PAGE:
George Waring

On Looting


By George Waring


    In late May, David Sirota, fresh off his work on Bernie Sanders’ campaign, published an eye-opener column on “Too Much Information.”

    Sirota suggests that when you’re asked, ”How about all that looting you see on FOX News?” You reply: “That’s peanuts. Here’s the real looting that’s going on.”

    Then, just reel off what the Trumpsters have been doing to avoid a Great Depression for the Plutocracy. 

    Sirota notes that a dictionary definition of looting is “to rob especially on a large scale.” Okay, using that definition, Sirota mentions ten examples of looting that the media “rarely ever call ‘looting.’”

    Look how the Federal Reserve has bailed out the investor class. Trump   provided hundreds of billions to huge corporations such as Boeing and Carnival Cruises, which “were able to avoid taking money directly — and sidestep requirements to keep employees on.”

    Second, read this story: “Millionaires To Reap 80% of Benefit From Tax Change In Coronavirus Stimulus.“ Take a look at changes made in tax law on what “certain business owners are allowed to deduct from their taxes. Our plutocracy will avoid “nearly $82 billion of tax liability in 2020.”

    Third, read “’Stealth Bailout’ Shovels Millions of Dollars to Oil Companies.”: “A provision of the $2.2 trillion stimulus law gives energy corporations greater ability in using deductions on this year’s taxes. Just when they are were raking in record profits.”

    Fourth, read “The Tax-Break Bonanza Inside the Economic Rescue Package“: Within the CARES Act is “$174 billion in temporary tax breaks that go overwhelmingly to rich individuals and large companies.”

    Fifth, read “Wealthiest Hospitals Got Billions in Bailout for Struggling Health Providers.“ This story reports that “Twenty large chains received more than $5 billion in federal grants even while sitting on more than $100 billion in cash.”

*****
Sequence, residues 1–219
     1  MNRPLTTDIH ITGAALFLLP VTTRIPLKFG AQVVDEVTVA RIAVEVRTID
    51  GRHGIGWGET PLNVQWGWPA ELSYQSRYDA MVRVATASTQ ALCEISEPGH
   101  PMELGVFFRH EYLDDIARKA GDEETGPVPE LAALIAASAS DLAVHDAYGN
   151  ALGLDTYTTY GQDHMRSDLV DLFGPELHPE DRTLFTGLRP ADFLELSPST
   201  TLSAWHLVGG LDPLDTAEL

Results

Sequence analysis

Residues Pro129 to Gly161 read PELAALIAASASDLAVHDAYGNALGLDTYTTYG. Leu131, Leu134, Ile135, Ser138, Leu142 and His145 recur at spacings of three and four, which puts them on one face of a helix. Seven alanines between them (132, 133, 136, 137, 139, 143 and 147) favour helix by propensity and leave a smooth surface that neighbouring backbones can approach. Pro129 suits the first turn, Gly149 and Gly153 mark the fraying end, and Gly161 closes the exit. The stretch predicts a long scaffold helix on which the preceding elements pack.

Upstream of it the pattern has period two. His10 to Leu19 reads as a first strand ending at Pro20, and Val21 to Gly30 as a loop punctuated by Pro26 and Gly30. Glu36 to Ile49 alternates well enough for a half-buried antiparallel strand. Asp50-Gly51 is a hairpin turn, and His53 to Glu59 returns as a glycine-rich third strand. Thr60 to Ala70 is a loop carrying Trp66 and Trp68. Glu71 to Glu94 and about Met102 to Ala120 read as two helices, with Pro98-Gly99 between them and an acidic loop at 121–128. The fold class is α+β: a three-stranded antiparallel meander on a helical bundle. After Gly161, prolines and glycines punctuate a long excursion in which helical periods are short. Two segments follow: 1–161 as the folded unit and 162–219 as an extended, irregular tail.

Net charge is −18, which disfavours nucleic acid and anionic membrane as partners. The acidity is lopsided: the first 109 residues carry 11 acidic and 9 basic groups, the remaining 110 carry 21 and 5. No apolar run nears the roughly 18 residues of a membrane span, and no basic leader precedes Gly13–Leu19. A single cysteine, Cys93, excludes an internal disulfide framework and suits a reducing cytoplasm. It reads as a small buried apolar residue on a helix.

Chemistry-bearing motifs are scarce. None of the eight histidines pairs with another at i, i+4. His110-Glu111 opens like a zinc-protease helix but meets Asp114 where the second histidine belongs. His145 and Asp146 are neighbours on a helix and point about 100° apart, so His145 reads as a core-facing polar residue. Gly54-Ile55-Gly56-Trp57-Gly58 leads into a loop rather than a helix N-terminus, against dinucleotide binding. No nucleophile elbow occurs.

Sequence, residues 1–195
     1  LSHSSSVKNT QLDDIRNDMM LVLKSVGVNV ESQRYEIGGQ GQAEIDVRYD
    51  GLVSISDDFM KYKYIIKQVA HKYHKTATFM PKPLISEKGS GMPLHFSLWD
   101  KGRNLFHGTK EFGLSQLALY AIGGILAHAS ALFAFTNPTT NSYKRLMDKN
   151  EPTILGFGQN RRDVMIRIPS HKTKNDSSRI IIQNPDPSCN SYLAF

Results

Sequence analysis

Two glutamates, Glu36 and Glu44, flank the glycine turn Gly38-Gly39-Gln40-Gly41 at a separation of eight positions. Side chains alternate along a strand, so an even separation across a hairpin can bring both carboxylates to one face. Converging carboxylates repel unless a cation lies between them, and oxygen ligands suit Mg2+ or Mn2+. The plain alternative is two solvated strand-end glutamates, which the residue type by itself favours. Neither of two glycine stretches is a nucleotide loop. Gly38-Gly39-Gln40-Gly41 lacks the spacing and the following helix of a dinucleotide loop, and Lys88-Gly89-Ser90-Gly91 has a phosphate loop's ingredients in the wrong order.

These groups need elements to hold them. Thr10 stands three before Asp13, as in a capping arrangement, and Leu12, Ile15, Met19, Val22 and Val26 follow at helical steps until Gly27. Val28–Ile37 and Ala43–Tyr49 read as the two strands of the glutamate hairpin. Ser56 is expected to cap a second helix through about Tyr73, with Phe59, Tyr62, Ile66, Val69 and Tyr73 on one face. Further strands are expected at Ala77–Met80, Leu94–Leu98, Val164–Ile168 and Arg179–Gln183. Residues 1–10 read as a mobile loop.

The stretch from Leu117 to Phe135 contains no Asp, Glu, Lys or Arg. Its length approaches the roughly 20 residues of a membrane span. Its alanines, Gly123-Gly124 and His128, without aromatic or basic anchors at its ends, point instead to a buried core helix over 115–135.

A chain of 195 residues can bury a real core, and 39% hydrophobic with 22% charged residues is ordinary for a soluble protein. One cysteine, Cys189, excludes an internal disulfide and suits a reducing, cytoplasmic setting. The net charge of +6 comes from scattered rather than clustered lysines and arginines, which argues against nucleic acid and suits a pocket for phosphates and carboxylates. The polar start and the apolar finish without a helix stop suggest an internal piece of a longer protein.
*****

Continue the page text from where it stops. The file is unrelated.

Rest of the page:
Sixth, read “Airlines Got the Sweetest Coronavirus Bailout Around.“ “The $50 billion the government is using to prop up the industry is a huge taxpayer gift to shareholders.”

    Seventh, read “Large, Troubled Companies Got Bailout Money in Small-Business Loan Program“:     “The so-called Paycheck Protection Program was supposedly to help small businesses. However, “dozens of large but lower-profile companies with financial or legal problems also received large payouts under the program.”

    Eighth, read “Public Companies Received $1 Billion Meant For Small Businesses.“ Yes, there were 43 companies with more than 500 workers, that got a cut of the take.     Several of them “were prosperous enough to pay executives $2 million or more.”

    Ninth, read “Firms That Left U.S. to Cut Taxes Could Qualify for Fed Aid.” Yes, “Companies that engaged in so-called corporate inversion transactions,” moving headquarters to the Bahamas to avoid taxes, while keeping skeleton operations within the US, appear to be eligible for CARES Act programs.

    Read “The K Street Bailout.“ Sirota writes, “Lobbyists already got bailed out, in effect, when their corporations got bailed out. This is kind of the ultimate in double dipping; corporations are nursed back to health by the sheer force of Federal Reserve commitments, this allows them to keep their lobbying expenses up, and then lobbyists lobbied for free money for themselves.”

    Of course, in the media world, none of what Sirota counts as “looting,” is looting. No young black arsonists in sight, right?

    However, as Sirota writes, “ This looting is having a real-world effect: as half a billion people across the globe could be thrown into poverty and as 43 million     Americans are projected to lose their health care coverage, CNBC reports that “America’s billionaires saw their fortunes soar by $434 billion during the U.S. lockdown between mid-March and mid-May.”

    He ends ups noting this corporate looting continues. “It’s now more brazen. Trump is floating a new capital gains tax cut for the investor class, while the New York Times notes that House speaker Nancy Pelosi’s new proposal to retroactively lift a limit on state and local tax deductions would largely funnel money to relatively high earners.”

    Sirota concludes:

    “We don’t call this “looting” because it is being done quietly in nice marbled office buildings in Washington and New York.

    “We don’t call this “looting” because the looters wear designer suits and are very polite as they eagerly steal everything not nailed down to the floor.

    “We don’t call this “looting,” but we should — because it is tearing apart our nation’s social fabric, laying waste to our economy, and throwing our entire society into chaos.”

Thanks, David.

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